This paper analyses the banking linkages between the nine ‘outs’ and 19 ‘ins’ of the banking union. It finds that the out countries could profit from joining banking union, because it would provide a stable arrangement for managing financial stability.
The purpose of our report is to provide a comprehensive overview of capital movements in Europe in a global context.
This new Bruegel Blueprint provides a differentiated understanding of growth, productivity and competitiveness and the important role public policy needs to play.
So far, having more than one currency in the EU has not undermined the single market. However, attempts to deepen integration in the banking, labour and capital markets might require governance integration that involves only euro-area countries. Safeguards are needed to protect the interest of the UK and other euro-outs.
Despite the slow pace of market reforms, the Belarusian economy recorded quite impressive growth until recently. However the Belarus growth ‘miracle’ cannot be continued, and the reforms that are needed might be difficult to implement. The potential hardship facing Belarus could be at least partly cushioned by external assistance.
Simone Tagliapietra and Georg Zachmann argue that instead of doing everything to reduce gas supplies from key suppliers like Russia, gas supply security could more effectively be safeguarded by ensuring that unused alternatives are maintained. They could then be tapped into for an indefinite period in the case of supply disruption from a key supplier.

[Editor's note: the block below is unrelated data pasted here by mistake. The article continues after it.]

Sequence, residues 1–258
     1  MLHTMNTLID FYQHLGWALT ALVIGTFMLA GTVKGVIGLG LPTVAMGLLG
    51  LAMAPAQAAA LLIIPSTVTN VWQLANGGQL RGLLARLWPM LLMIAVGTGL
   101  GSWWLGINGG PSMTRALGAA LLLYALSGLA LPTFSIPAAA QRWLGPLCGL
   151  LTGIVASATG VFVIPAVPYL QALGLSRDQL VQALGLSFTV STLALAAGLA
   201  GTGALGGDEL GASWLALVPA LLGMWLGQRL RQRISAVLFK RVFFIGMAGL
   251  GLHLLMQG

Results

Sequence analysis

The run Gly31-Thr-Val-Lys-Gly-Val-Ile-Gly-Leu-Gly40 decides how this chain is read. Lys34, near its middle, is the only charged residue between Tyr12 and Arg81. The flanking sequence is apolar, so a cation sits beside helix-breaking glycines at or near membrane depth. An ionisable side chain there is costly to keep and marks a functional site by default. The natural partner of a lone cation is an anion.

Europe has lofty ambitions for building a socially and environmentally sustainable future on the basis of growth and prosperity through innovation. Despite these policies and pronouncements, Europe’s performance on innovation remains weak. In this context, Rienhilde Veugelers assesses whether the deployment of innovation policy instruments in EU countries matches their innovation capacity performance relative to other EU countries.
This paper introduces a new international financial regulatory data transparency index - the Financial Regulatory Transparency (FRT) Index - in order to address the exisiting gap in measuring regulatory transparency.
Extreme climate events related to global warming will happen somewhat randomly and could have a huge cost for the most vulnerable countries. A global climate risk pool, with contributions from all countries, could help these vulnerable countries to recover from such events and might thus smooth the way towards a broader climate deal.
While there is now consensus that financial supervision has to focus on the aggregate (macroprudential), in addition to the individual (microprudential), there is no agreed macroprudential framework for measuring financial imbalances and applying policies to correct such imbalances. This paper focuses on these two open questions in the so-called time dimension of macroprudential policy.
The financial crisis has prompted a renewed interest in macro-prudential policy as a framework to address the stability of the financial system as a whole, rather than only its individual components. The purpose of this paper is to contribute to the European macro-prudential discussion by establishing empirically the special challenges that the set-up of macro-prudential policy in the euro area needs to confront.
This paper assesses economic policy coordination in the euro area under the European Semester. Despite the collective decision to create this new system of policy coordination, this paper shows that the European Semester has been rather ineffective.